Human rights and democratic institutions increase trade in Africa, shows the research based on a study of trade openness for 40 African countries from 1960 to 2010.
Chisom L. Ubabukoh, Assistant Professor (Economics), Jindal Global Law School (JGLS), O.P. Jindal Global University, Sonipat, Haryana, India; University of Manchester, UK.
Jubril Animashaun, University of Manchester, UK; University of Ilorin, Nigeria.
The researchers study whether institutions supportive of human rights improve trade openness. Strengthening human rights institutions could reduce the adverse consequence of trade on consumers and labour rights. On the other hand, adherence could impose high transaction costs limiting the comparative advantage of many African countries.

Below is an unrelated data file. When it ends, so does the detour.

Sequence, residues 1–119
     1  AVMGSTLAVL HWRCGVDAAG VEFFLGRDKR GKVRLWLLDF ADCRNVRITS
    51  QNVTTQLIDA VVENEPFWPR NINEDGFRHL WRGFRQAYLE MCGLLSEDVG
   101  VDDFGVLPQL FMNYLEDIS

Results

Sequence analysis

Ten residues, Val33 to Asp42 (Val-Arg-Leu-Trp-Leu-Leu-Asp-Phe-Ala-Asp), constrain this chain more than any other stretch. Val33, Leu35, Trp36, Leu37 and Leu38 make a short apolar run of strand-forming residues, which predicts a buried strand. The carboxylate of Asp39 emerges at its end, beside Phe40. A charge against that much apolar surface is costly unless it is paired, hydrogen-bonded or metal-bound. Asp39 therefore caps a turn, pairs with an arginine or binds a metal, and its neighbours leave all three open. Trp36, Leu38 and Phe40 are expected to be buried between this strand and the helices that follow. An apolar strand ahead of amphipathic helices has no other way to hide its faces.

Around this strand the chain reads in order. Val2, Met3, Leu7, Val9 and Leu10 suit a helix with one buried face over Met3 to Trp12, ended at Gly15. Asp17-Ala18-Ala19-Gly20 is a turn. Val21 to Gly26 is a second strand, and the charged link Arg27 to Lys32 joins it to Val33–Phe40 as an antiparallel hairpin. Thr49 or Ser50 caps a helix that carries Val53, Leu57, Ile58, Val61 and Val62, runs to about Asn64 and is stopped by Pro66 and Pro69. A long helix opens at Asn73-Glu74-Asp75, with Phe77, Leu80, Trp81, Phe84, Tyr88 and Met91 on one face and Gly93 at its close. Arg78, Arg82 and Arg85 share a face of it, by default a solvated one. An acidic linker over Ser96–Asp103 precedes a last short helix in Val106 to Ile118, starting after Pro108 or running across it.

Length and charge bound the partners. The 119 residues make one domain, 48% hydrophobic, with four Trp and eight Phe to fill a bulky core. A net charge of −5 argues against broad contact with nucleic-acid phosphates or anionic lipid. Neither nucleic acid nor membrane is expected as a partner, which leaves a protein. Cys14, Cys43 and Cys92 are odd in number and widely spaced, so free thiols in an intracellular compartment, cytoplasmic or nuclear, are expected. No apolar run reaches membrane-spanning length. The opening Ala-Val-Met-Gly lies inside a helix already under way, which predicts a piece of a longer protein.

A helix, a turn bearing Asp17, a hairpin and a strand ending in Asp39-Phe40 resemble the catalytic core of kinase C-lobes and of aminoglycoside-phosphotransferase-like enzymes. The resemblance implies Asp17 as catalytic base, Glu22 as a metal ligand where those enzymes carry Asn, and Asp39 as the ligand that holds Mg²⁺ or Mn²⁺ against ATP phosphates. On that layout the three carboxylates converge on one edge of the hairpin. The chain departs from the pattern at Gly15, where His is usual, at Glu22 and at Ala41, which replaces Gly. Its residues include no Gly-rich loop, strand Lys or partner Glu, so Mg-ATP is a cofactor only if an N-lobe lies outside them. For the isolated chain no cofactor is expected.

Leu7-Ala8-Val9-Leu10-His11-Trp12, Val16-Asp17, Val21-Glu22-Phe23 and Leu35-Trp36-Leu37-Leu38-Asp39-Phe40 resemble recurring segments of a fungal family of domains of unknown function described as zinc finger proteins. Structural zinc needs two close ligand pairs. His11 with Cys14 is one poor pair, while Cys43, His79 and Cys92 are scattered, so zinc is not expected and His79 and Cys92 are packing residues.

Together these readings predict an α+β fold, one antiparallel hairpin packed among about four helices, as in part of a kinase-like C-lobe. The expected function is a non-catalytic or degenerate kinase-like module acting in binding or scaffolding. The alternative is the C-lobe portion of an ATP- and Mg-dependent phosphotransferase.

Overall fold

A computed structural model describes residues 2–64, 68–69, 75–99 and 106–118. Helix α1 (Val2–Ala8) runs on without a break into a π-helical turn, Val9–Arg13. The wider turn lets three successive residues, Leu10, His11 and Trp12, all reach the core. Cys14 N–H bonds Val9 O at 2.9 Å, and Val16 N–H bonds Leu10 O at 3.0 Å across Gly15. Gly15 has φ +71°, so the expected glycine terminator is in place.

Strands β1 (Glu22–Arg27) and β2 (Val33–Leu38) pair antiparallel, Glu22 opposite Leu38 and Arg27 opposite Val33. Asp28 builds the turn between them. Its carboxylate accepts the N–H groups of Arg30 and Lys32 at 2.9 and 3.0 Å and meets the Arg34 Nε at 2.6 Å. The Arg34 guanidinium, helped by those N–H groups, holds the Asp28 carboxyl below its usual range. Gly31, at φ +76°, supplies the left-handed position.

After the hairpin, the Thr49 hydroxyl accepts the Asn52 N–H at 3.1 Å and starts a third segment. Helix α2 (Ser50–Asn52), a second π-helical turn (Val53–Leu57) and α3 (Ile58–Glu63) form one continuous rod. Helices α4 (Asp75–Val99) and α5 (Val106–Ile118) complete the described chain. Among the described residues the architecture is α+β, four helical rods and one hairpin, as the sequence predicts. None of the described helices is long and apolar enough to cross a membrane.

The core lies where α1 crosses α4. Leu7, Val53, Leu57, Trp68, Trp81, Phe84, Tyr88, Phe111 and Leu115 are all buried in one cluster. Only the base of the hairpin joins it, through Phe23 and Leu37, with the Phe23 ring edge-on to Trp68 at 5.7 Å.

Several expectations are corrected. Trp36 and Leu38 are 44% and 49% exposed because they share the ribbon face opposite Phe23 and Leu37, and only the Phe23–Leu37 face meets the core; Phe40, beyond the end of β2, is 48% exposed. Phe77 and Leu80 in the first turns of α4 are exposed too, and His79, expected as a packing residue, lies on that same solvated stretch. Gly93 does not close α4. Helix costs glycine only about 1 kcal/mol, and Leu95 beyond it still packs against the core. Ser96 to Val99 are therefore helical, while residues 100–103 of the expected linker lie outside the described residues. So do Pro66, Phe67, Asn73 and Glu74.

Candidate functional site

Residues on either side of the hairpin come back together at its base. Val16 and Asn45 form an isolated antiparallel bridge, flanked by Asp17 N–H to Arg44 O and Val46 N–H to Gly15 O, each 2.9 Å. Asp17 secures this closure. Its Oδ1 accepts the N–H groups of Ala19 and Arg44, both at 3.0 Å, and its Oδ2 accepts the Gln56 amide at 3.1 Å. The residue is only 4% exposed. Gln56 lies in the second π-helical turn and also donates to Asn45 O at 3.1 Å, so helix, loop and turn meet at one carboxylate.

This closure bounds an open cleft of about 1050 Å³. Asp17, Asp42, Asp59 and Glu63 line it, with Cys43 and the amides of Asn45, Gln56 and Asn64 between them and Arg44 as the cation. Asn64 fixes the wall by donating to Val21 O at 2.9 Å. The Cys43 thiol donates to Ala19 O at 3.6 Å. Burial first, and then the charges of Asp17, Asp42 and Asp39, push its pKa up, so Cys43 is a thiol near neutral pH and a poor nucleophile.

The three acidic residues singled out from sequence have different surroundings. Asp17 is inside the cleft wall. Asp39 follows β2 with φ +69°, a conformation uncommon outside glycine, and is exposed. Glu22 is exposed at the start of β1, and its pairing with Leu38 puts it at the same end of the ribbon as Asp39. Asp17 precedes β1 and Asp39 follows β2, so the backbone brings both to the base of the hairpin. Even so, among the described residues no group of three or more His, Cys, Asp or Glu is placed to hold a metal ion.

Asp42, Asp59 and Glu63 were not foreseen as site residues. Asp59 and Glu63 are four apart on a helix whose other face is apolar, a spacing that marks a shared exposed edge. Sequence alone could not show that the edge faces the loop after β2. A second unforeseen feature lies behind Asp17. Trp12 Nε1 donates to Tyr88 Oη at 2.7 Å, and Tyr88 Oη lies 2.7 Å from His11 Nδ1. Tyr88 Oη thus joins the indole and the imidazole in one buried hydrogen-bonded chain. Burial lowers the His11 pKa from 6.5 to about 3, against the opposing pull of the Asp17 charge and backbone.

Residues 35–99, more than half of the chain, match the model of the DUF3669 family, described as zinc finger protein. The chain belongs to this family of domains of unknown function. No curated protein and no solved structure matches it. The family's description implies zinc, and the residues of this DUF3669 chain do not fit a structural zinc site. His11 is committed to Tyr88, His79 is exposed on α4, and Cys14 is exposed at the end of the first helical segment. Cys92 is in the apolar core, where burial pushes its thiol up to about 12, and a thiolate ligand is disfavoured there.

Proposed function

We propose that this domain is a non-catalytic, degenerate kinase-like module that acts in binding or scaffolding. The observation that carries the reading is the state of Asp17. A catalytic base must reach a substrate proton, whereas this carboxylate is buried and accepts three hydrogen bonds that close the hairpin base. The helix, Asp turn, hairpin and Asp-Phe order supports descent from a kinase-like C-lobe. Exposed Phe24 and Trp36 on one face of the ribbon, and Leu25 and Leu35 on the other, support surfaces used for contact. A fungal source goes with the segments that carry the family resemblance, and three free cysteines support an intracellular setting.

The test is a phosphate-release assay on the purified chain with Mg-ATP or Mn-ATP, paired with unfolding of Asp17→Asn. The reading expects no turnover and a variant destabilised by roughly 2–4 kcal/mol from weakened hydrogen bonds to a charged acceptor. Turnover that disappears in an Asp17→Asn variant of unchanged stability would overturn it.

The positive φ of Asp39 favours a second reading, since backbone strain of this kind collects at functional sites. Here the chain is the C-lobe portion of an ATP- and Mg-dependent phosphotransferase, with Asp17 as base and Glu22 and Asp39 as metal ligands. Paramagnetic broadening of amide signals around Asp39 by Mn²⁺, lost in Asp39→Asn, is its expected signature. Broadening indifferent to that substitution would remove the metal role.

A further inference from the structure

The researchers study the effect of democratic and human rights institutions on trade openness for 40 African countries from 1960 to 2010. To address endogeneity concerns, we exploit the variation in democracy measurement among geographically proximate neighbours with similar political histories (i.e. an inverse distance weighted average of democracy among ‘neighbours’).
The authors find that human rights and democratic institutions increase trade in Africa. They find evidence supporting property rights, freedom of domestic movement and the political recruitment process as likely mechanisms.
Published in: Managing Global Transitions
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